According to the outlet, Kiev is yet to settle on a strategy for its counteroffensive. One scenario involving a push across the Dnieper River near the city of Kherson is “not realistic,” US officials believe, since Ukraine does not have the manpower for an amphibious operation of that kind. The second one would require advancing from the north in an attempt to cut off Russian troops from Crimea.

The US has been stressing that it was up to Zelensky and the Ukrainian leadership to decide how exactly they would conduct a military operation. But senior American generals hosted Ukrainian officials in Wiesbaden, Germany this month to help them with wargaming the upcoming operation, Politico's report notes. There has also been an effort to train Ukrainian troops in NATO tactics to replenish battlefield losses.

Russia believes that the Ukrainian conflict is a US proxy war against it, with Ukrainian soldiers serving as cannon fodder. Moscow said Washington prevented Kiev from signing a peace agreement with Russia in the first months of the conflict, telling Zelensky to continue fighting instead.

** Ukraine also can’t intercept Russian Iskander-M, S-300 missiles, not just Kinzhal’s

The Ukrainian armed forces can’t shoot down Russian ballistic missiles such as the Iskander-M, S-300 air defense missiles and Smerch rockets, in addition to hypersonic Kinzhal and Kh-22 missiles, Ukrainian Air Force spokesman Yury Ignat said in an interview aired on Thursday.

"We don’t shoot down ballistic missiles, for example Iskander-M," he said in the interview with Ukraine’s 24 channel. "Also, unfortunately, we don’t have the capability to intercept rockets fired by multiple launch rocket systems such as Smerch."

"All these missiles fly fast, along a ballistic trajectory and essentially swoop down on a target with a huge speed," he continued. "It takes specialized air defense missile systems to shoot down something that’s already falling."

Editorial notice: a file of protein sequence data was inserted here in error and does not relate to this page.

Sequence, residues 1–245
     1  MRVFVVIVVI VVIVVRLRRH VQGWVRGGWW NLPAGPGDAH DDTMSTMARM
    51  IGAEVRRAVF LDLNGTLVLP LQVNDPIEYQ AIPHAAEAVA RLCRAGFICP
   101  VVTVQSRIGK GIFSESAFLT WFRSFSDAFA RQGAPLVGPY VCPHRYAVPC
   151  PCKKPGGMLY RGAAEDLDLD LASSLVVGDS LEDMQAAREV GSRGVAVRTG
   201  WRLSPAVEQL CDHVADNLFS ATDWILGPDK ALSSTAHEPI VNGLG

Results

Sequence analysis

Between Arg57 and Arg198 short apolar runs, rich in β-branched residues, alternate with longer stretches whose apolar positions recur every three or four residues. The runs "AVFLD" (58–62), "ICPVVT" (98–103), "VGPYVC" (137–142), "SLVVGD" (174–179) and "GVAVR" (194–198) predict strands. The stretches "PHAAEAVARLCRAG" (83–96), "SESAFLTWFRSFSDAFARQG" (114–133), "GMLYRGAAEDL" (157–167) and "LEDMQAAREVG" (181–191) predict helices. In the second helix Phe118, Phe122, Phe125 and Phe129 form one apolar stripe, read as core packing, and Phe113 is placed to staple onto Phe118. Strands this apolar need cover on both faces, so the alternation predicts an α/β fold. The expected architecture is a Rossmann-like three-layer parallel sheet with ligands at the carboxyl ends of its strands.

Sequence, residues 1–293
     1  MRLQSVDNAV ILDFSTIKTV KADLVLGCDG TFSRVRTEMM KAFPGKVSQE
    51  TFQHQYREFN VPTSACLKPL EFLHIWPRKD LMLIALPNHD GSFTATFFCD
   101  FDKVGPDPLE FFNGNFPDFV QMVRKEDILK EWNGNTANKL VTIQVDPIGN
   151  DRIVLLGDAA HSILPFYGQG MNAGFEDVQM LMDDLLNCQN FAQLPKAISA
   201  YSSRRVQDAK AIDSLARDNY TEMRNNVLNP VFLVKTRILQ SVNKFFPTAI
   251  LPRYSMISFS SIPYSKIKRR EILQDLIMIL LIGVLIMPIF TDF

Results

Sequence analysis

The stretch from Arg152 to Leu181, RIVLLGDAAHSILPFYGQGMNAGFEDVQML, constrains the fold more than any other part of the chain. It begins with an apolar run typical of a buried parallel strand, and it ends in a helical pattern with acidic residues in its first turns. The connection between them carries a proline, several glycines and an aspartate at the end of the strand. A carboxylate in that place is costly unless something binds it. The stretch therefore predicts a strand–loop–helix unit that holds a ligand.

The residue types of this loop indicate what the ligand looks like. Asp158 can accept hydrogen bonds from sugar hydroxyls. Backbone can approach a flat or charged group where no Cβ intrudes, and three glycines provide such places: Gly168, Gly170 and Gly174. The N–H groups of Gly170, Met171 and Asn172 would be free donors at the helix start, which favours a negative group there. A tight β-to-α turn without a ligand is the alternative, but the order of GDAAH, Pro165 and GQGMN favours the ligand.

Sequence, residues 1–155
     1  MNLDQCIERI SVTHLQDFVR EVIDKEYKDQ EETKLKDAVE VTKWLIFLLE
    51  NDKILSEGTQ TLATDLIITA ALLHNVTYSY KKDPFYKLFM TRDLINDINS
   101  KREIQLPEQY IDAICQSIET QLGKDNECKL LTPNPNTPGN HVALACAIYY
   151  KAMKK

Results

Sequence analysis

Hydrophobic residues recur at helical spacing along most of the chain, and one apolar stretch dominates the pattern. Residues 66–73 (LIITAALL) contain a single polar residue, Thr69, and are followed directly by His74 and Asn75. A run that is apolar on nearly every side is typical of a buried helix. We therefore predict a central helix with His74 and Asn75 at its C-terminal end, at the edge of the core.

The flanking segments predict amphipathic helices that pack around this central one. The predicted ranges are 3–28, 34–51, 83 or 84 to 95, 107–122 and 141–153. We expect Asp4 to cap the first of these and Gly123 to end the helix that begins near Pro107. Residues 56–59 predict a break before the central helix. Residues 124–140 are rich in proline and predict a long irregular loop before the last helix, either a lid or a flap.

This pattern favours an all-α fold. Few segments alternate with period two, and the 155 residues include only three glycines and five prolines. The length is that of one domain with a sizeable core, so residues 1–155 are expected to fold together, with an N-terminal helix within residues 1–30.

"We also treat S-300 air defense guided missiles as ballistic ones," the spokesman went on to say.

Ukraine also is unable to shoot down Oniks supersonic cruise missiles.

"There’s also no capability to shoot down Kh-31P specialized air-borne anti-radar missiles and similar air-to-surface missiles with a shorter range," Ignat went on to say.

He said that the Ukrainian air defense system can counter only those missiles that its equipment has specifications for.

"The main systems that we have in service are Buk-M1 and S-300," he said, adding there is a "critical need" for more advanced air defense systems.

Ignat said Ukraine has been unable to shoot down a single Kh-22 supersonic cruise missile as its speed is so high that an S-300 is unable to fly quickly enough for interception.

"In order to shoot down the Kh-22 Ukraine need a missile system that can operate automatically, meaning it will make decisions itself, without any humans involved, utilizing the latest radar and an advanced missile," he said.

But even that wouldn’t be enough.

Earlier, Ignat stated that the Ukrainian national air defense system is not capable of shooting down Russian Kinzhal and Kh-22 hypersonic missiles. According to the Washington Post, Russia's use of Kinzhal hypersonic missiles in Ukraine has shown that the US and its allies do not possess similar weapons that are as hard to intercept, even with advanced missile defense systems. According to some Russian and Western experts, there’s no guarantee that even advanced air defense systems can shoot down a missile fired by the latest Russian system.